I recently wrote a brief article describing California’s lawsuit against the Trump Administration over the Addition of Citizenship Question to the 2020 Census. That article generated quite a bit of discussion. You can read the article at: http://bit.ly/2qawVVV.
Newsletter reader Ted Russell has written a response to the various discussions that strikes me as common sense. Here is his response, published here with Ted’s permission:
Yes, data on citizenship status will be of great use to future genealogists. And yes, the question is legal and constitutional. But it will likely have the effect of either driving undocumented immigrants further into the shadows, or exposing and deporting them, and this administration knows this very well. The Census Bureau is not supposed to share individual information with other agencies, but based on this administration’s disregard for the law, it would be hard for a Census enumerator to convince a respondent that the information will not be shared with ICE.
Every time someone says “my Irish/German/Italian ancestor came here legally”, they need to be reminded that at one time there was no distinction between ‘legal’ and ‘illegal’ immigration. The motivation for immigration was no different in 1620 or 1820 than in 2020 – to find a better life for one’s family. The immigrants of the 19th and early 20th century were no more noble than today’s immigrants from Latin America and Asia. If the Atlantic Ocean was 100 yards wide, the Irish, Germans, Polish, and Italians would have crossed it as willingly, and with as much disregard for the law, as Mexicans and Salvadorans cross the Rio Grande today.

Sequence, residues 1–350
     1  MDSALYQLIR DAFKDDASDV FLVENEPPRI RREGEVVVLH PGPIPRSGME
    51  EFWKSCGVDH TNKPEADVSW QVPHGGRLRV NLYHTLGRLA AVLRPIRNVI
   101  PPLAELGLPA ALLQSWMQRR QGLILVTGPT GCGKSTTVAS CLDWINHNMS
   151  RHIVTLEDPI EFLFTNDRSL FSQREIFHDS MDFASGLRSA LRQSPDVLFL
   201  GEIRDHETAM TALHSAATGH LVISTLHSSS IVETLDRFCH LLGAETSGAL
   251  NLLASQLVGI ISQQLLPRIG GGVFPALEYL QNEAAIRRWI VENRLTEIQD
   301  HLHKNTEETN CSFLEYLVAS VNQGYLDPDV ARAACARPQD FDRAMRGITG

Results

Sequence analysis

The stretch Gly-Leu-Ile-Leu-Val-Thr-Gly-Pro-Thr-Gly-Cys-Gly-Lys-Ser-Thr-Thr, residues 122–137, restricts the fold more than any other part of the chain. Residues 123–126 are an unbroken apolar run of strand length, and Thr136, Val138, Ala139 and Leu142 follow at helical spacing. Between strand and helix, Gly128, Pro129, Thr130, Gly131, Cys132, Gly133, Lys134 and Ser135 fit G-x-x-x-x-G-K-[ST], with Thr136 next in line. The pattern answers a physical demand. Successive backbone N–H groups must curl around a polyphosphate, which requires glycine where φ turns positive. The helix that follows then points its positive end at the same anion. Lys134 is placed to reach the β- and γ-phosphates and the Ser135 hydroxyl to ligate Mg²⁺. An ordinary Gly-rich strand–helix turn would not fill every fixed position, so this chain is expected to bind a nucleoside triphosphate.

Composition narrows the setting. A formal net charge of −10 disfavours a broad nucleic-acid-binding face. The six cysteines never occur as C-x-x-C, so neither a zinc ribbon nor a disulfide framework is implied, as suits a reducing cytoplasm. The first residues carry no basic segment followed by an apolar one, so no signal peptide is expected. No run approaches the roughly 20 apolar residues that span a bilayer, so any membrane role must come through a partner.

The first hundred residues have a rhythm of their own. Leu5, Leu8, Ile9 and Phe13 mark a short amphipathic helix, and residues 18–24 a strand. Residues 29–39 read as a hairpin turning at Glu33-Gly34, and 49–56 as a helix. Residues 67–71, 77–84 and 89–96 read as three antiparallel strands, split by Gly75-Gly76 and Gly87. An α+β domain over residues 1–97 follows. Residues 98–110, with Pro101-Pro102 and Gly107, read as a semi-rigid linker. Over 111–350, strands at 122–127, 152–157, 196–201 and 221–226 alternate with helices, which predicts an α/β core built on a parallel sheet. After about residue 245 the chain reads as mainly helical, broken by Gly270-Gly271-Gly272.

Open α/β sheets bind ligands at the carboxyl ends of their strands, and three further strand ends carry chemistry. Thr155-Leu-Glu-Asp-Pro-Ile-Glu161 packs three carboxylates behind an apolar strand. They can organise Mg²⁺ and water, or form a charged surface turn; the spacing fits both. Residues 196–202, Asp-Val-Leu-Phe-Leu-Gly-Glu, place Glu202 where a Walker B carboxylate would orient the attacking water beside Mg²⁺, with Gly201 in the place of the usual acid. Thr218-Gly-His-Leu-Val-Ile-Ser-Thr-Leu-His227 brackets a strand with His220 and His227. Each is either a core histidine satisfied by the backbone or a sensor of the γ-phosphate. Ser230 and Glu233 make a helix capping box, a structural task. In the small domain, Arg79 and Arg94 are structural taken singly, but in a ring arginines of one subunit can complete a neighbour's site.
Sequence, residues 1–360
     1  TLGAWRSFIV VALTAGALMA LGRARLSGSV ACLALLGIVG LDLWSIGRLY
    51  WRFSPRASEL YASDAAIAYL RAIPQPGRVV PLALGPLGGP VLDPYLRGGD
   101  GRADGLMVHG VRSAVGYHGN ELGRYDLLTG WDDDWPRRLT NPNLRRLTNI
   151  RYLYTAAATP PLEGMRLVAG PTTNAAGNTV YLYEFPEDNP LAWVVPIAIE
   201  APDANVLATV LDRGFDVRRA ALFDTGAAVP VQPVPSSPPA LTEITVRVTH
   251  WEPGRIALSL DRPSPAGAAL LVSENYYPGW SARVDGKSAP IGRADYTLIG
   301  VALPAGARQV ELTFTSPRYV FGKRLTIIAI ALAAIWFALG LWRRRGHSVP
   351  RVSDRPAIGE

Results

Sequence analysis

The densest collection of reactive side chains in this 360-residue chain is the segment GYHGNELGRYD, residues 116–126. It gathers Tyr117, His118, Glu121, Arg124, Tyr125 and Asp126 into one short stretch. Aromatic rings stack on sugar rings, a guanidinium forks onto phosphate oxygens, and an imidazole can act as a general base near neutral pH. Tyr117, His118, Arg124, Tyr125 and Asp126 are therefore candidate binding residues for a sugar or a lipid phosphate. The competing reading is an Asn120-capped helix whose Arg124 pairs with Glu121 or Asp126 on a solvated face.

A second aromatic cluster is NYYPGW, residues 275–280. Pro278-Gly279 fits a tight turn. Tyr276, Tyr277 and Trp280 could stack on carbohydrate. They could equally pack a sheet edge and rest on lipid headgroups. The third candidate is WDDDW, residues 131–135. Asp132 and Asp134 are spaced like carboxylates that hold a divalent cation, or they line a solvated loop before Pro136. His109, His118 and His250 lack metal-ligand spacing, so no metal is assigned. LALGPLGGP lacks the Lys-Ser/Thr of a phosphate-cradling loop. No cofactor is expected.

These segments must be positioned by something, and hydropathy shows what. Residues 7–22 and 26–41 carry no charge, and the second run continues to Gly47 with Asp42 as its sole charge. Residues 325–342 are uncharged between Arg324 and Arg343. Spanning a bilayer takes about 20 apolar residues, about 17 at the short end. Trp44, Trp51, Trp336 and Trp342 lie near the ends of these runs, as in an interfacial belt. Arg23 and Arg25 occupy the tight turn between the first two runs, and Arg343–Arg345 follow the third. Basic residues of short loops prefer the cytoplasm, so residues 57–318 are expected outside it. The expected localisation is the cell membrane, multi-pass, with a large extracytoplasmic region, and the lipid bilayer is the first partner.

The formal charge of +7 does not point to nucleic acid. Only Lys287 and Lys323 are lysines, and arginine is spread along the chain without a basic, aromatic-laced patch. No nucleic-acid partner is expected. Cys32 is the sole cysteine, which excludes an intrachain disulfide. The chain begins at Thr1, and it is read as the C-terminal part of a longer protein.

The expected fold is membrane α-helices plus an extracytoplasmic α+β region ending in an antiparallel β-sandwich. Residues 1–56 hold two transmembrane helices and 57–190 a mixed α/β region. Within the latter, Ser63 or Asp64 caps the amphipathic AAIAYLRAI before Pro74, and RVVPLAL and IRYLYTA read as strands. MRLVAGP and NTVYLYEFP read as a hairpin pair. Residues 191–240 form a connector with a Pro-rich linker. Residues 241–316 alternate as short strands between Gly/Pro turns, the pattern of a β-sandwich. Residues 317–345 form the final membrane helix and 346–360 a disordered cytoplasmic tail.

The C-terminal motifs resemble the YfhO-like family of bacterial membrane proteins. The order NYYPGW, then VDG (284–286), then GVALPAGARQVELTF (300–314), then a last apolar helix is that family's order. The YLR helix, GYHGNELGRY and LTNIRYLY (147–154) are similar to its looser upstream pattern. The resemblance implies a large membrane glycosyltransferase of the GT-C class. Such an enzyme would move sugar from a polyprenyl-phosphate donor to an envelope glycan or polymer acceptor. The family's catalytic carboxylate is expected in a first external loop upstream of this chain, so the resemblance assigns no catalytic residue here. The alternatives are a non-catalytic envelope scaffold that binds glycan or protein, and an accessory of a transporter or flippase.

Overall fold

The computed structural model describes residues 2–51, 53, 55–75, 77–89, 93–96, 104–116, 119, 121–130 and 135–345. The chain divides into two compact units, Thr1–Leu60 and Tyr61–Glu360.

Every time someone says “immigrants need to assimilate into our society”, they need to be reminded that immigrants have always established their own communities in the US where the first generation continued to speak their own language, struggling with English, while the second generation was typically bilingual and culturally assimilated, and the third generation was typically English-only and even more fully assimilated. Anyone old enough to have known their immigrant ancestors knows this, as does any genealogist who has researched immigrant families. Today’s immigrants from Latin America and Asia are no different. Yes, Mexican immigrants tend to live in communities with other Mexicans, but their children go to public schools, play basketball and football along with baseball and soccer, join the Army, enrich our economy with their hard work, and enrich our culture with their food, music, and traditions. This is the American story which periodic waves of ignorant xenophobia cannot erase.